Effective December 31, Earl Cameron, Executive Vice President of the Auto Fund, Saskatchewan Government Insurance, is retiring after 44 years of service. The following is an interview between Cameron and Marie Schultz, Communications Consultant, Media Relations, of SGI. Together, the pair explore Cameron’s career path, retirement and future.
By Marie Schultz
Saskatchewan, Regina — December 20, 2107 — I remember the day clearly. I had just gotten back from a meeting, and there was an email sitting on my computer from SGI CEO Andrew Cartmell. It was titled, “Retirement Announcement.” I wondered, who is it this time? And then: GAAASP! Earl. Cameron. Is. Retiring.
I messaged Earl right away to give him grief and he replied, “I have decided insurance is just too boring!”
I got to know Earl pretty well over the last few years while working in Media Relations on big projects like motorcycle rates, photo speed enforcement and the latest changes to impaired driving laws—all hot topics with the media and our social media followers that require very strategic communication.
After letting this retirement announcement sink in for a few days, I went to his office to get some information about his decision. He was reading a paper on cannabis that listed some recommendations for SGI to consider when it becomes legal next July. After 45 minutes of chatting about impaired driving, traffic safety and the implications of introducing cannabis, we officially started the interview. That’s what I love about Earl—he’s incredibly passionate about his work and you can have real conversations with him, without getting nervous that he’s an EVP.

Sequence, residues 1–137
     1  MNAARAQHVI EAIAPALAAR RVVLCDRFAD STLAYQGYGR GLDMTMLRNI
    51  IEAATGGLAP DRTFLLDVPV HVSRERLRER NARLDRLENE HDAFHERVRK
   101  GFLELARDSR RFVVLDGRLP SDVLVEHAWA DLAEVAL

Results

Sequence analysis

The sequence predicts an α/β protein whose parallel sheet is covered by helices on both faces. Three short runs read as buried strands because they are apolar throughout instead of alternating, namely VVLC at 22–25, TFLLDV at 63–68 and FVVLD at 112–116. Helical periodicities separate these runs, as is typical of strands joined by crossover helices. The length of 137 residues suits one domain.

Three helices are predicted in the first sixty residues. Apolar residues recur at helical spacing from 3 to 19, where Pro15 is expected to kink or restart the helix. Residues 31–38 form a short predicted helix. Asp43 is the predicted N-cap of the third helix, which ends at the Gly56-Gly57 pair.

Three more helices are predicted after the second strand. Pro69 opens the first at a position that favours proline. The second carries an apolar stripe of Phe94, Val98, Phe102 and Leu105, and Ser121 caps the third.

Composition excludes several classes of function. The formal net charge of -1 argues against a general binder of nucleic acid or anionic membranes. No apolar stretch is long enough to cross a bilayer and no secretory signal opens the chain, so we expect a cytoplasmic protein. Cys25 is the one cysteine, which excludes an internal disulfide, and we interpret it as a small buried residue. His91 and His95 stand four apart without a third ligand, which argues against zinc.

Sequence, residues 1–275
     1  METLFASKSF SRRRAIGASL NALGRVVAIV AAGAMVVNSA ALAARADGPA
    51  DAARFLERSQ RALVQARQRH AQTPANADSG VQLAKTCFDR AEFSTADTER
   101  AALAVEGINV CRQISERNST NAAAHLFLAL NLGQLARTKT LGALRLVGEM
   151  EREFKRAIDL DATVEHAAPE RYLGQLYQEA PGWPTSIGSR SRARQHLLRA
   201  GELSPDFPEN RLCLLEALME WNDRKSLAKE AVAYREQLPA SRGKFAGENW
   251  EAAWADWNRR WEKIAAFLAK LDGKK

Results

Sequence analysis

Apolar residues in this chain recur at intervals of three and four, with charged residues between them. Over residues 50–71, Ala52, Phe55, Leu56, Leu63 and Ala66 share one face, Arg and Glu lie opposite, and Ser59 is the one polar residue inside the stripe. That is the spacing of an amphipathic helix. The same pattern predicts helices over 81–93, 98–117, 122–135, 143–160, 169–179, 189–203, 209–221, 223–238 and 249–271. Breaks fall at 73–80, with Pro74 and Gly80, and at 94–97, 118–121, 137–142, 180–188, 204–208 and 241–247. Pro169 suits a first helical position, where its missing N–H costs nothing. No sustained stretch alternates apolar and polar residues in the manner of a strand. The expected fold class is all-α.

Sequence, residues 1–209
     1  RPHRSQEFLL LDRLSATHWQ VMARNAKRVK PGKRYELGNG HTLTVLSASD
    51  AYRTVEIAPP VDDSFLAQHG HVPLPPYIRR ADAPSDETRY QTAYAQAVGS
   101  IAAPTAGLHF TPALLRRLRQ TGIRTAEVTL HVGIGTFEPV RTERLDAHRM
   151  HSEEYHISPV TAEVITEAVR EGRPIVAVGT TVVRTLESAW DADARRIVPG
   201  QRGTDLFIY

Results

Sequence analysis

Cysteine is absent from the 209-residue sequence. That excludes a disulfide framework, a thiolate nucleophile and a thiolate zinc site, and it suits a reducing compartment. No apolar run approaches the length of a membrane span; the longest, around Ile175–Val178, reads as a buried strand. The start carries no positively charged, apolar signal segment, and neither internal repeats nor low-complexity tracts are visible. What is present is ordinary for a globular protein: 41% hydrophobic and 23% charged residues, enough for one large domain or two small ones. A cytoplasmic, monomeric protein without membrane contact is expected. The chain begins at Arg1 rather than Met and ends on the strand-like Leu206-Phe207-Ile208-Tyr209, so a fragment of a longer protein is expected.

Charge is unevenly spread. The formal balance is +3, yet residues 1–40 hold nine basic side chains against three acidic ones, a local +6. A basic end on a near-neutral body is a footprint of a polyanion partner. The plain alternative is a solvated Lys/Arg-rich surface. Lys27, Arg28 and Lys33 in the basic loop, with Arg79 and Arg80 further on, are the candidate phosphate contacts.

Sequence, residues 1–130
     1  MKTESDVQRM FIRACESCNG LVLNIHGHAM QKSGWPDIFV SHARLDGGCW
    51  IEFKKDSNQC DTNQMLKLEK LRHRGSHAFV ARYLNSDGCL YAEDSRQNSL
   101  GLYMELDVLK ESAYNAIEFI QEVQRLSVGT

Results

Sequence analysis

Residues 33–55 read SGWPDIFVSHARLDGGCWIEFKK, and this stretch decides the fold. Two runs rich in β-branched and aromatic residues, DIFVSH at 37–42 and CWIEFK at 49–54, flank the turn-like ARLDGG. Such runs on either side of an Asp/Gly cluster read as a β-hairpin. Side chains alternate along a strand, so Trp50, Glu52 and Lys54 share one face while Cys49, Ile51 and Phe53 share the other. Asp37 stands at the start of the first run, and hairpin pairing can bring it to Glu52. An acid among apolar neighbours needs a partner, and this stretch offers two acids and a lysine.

Marie Schultz: So, 44 years! Why now?
Earl Cameron: It’s just time. I thought it would happen at 53 after working here for 35 years, but that didn’t happen, I still had kids at home. Then I thought it would be two to three years ago, but I wasn’t ready. I truly love coming to work every day. It’s interesting! Some days are more fun than others, and some people may think I’m crazy because I still like it, but I do. My wife, Joyce, retired from underwriting here two years ago and we want to spend more time together while we’re young and healthy. I’ve lost a couple friends already and that made me think. Every day you work is one less day of retirement.
But you have some pretty high profile projects happening right now. How are you feeling about leaving them behind?
Uber and cannabis are exciting. They will have some headaches, but I’m leaving the work in capable hands. Who would have thought 10 years ago that those two things would ever be a project?!
MS: No kidding! So you haven’t always been in the Auto Fund, you were in claims for 12 years before making the switch in 2012. Which one do you prefer?
EC: That’s a trick question! You want a quote, I’ll give you a quote, this is a good one: Claims was the most interesting, but the Auto Fund was the most rewarding. Because of Traffic Safety. We could make a difference. In claims, every person you met was unique because they had their own story; they were in a car crash, their home burnt down, they had an injury, then some claims had elements of fraud, legalities, investigations—you sure learned a lot, and a lot about people.
MS: What about the Auto Fund? You said it was the most rewarding. What are you most proud of?